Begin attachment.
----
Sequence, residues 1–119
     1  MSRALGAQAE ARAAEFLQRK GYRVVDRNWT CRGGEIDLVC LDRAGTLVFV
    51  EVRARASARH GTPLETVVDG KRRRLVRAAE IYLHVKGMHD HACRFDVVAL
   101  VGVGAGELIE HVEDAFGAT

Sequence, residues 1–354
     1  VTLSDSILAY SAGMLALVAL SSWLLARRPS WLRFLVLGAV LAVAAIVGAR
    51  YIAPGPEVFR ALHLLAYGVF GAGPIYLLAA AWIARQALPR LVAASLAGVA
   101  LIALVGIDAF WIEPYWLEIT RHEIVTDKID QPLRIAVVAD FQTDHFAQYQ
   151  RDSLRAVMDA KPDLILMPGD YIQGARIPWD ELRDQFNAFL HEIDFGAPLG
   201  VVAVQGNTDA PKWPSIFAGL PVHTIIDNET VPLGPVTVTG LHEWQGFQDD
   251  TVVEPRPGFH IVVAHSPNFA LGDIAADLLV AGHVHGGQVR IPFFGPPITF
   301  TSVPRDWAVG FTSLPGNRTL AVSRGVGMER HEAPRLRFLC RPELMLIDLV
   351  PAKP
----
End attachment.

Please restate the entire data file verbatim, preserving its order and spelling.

Sequence, residues 1–119
     1  MSRALGAQAE ARAAEFLQRK GYRVVDRNWT CRGGEIDLVC LDRAGTLVFV
    51  EVRARASARH GTPLETVVDG KRRRLVRAAE IYLHVKGMHD HACRFDVVAL
   101  VGVGAGELIE HVEDAFGAT

Sequence, residues 1–354
     1  VTLSDSILAY SAGMLALVAL SSWLLARRPS WLRFLVLGAV LAVAAIVGAR
    51  YIAPGPEVFR ALHLLAYGVF GAGPIYLLAA AWIARQALPR LVAASLAGVA
   101  LIALVGIDAF WIEPYWLEIT RHEIVTDKID QPLRIAVVAD FQTDHFAQYQ
   151  RDSLRAVMDA KPDLILMPGD YIQGARIPWD ELRDQFNAFL HEIDFGAPLG
   201  VVAVQGNTDA PKWPSIFAGL PVHTIIDNET VPLGPVTVTG LHEWQGFQDD
   251  TVVEPRPGFH IVVAHSPNFA LGDIAADLLV AGHVHGGQVR IPFFGPPITF
   301  TSVPRDWAVG FTSLPGNRTL AVSRGVGMER HEAPRLRFLC RPELMLIDLV
   351  PAKP